On Resisting Evil

"Resist the devil, and he will flee from you," writes James in his epistle. The words of the apostle are free from ambiguity: they state definitely that when evil is resisted it will cease to tempt us. Now, every mortal is tempted by evil, by that which claims to exist as the opposite of good; and how often mortals fall before temptation into sin! The greater part of the world's suffering is the result of giving way to the temptations of evil; for sin indulged carries with it its own penalty—despondency, despair, remorse, sorrow, disease, death. Mortals are aware of these things; and many of them are eagerly seeking for a means whereby they will be able to resist evil, and so be saved from the consequences of indulgence in evil.

There are many who, having seen the effects of sin, have tried to resist temptation through so-called human will-power. They have determined to think only good thoughts; but too often the decision has been of a very temporary nature; for with perhaps the next suggestion of evil, their good resolution has been swept away and they have gone down again into the mire of iniquity. They thought they had will-power enough to enable them to stand fast, but it proved wholly unequal to the task. The wonderful thing, however, is that no matter how often men fall away from their ideals, there is that within them which demands that they rise again, and that they conquer.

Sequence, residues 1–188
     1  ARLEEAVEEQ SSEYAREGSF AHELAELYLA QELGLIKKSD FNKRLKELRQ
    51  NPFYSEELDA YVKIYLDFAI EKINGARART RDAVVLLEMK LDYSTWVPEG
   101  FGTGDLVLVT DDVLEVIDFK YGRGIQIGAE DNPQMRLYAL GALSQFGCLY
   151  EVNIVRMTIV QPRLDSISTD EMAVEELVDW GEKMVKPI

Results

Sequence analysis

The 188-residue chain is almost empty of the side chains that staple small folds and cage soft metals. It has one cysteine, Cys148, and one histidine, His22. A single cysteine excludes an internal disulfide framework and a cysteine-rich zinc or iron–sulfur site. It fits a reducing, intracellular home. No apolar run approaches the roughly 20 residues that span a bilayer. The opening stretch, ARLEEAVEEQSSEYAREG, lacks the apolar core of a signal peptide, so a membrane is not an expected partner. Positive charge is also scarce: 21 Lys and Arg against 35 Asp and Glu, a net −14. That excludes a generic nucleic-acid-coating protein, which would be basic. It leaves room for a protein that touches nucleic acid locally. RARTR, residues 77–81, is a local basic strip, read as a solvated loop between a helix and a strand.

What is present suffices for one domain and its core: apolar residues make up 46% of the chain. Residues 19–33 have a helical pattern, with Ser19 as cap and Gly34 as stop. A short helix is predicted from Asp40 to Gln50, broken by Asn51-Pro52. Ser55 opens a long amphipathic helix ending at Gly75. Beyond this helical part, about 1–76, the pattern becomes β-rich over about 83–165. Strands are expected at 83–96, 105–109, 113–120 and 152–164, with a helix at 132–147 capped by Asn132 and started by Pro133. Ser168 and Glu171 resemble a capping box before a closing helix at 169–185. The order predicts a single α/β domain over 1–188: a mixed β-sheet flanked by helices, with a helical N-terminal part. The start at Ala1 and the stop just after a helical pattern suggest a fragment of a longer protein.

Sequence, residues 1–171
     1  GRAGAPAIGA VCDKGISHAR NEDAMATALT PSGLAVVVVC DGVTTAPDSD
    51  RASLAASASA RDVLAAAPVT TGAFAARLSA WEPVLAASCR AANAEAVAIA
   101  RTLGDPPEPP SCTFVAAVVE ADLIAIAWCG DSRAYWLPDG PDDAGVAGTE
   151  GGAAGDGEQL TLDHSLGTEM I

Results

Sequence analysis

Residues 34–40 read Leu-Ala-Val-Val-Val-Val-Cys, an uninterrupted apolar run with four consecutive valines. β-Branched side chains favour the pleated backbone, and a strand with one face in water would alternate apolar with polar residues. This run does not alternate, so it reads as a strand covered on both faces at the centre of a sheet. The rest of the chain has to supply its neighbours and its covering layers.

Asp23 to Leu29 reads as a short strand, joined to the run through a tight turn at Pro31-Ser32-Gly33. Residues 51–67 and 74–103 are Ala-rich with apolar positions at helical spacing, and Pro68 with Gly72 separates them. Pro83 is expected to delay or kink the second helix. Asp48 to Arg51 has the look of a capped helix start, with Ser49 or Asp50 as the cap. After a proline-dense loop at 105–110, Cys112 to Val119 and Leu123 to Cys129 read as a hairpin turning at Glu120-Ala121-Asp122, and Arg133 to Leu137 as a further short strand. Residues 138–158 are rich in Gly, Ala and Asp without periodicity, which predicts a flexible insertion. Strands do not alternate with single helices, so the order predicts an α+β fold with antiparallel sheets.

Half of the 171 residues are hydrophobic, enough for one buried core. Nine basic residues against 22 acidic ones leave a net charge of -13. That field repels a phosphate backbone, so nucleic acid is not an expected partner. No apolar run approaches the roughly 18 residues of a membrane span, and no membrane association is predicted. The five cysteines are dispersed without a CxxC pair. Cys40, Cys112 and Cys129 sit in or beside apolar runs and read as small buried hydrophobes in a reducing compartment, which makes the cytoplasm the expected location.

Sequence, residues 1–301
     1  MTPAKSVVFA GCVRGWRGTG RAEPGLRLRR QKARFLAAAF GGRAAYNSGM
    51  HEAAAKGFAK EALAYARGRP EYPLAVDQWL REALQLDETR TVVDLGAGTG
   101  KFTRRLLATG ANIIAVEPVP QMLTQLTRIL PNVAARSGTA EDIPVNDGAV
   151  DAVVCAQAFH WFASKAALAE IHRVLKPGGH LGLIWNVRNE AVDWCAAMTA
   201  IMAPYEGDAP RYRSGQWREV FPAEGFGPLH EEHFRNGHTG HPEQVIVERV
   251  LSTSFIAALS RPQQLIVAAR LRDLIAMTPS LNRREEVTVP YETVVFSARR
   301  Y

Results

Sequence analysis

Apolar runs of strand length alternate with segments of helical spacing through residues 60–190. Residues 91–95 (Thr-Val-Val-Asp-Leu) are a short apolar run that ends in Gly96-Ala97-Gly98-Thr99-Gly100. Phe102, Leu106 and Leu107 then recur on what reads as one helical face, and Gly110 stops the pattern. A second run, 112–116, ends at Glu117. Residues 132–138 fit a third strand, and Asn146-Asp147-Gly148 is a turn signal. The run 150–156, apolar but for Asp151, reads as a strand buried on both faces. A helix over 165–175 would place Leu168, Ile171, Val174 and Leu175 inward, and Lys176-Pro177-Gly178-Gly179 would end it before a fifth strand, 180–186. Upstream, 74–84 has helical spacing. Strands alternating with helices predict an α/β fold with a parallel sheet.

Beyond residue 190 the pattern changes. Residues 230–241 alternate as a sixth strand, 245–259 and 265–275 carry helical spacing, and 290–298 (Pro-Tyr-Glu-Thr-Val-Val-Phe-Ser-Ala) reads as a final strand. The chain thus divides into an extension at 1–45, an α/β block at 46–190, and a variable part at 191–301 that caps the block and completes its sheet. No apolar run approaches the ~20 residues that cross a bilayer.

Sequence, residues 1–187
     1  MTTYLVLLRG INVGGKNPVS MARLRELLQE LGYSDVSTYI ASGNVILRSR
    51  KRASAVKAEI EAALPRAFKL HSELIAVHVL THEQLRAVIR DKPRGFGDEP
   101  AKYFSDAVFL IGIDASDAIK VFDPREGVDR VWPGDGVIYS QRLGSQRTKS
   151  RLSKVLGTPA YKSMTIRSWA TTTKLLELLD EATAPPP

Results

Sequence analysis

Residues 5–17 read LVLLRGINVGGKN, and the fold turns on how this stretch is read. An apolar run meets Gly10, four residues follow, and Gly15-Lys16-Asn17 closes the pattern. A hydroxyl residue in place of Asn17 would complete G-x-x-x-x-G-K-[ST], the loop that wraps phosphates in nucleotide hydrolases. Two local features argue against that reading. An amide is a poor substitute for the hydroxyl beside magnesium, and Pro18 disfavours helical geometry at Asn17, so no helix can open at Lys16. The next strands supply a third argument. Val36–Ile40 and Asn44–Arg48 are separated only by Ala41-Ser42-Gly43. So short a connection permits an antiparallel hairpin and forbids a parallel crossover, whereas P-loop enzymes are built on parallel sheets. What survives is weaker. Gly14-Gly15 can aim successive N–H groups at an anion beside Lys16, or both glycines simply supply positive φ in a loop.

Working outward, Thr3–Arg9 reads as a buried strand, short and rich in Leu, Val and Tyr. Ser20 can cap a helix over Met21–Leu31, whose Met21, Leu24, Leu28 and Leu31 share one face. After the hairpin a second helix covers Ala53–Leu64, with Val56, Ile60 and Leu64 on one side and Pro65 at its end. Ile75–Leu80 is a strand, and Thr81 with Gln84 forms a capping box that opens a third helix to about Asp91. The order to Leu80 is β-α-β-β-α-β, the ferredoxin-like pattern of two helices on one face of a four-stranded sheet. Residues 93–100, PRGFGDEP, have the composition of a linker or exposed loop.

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Items of Interest
Items of Interest
July 27, 1929
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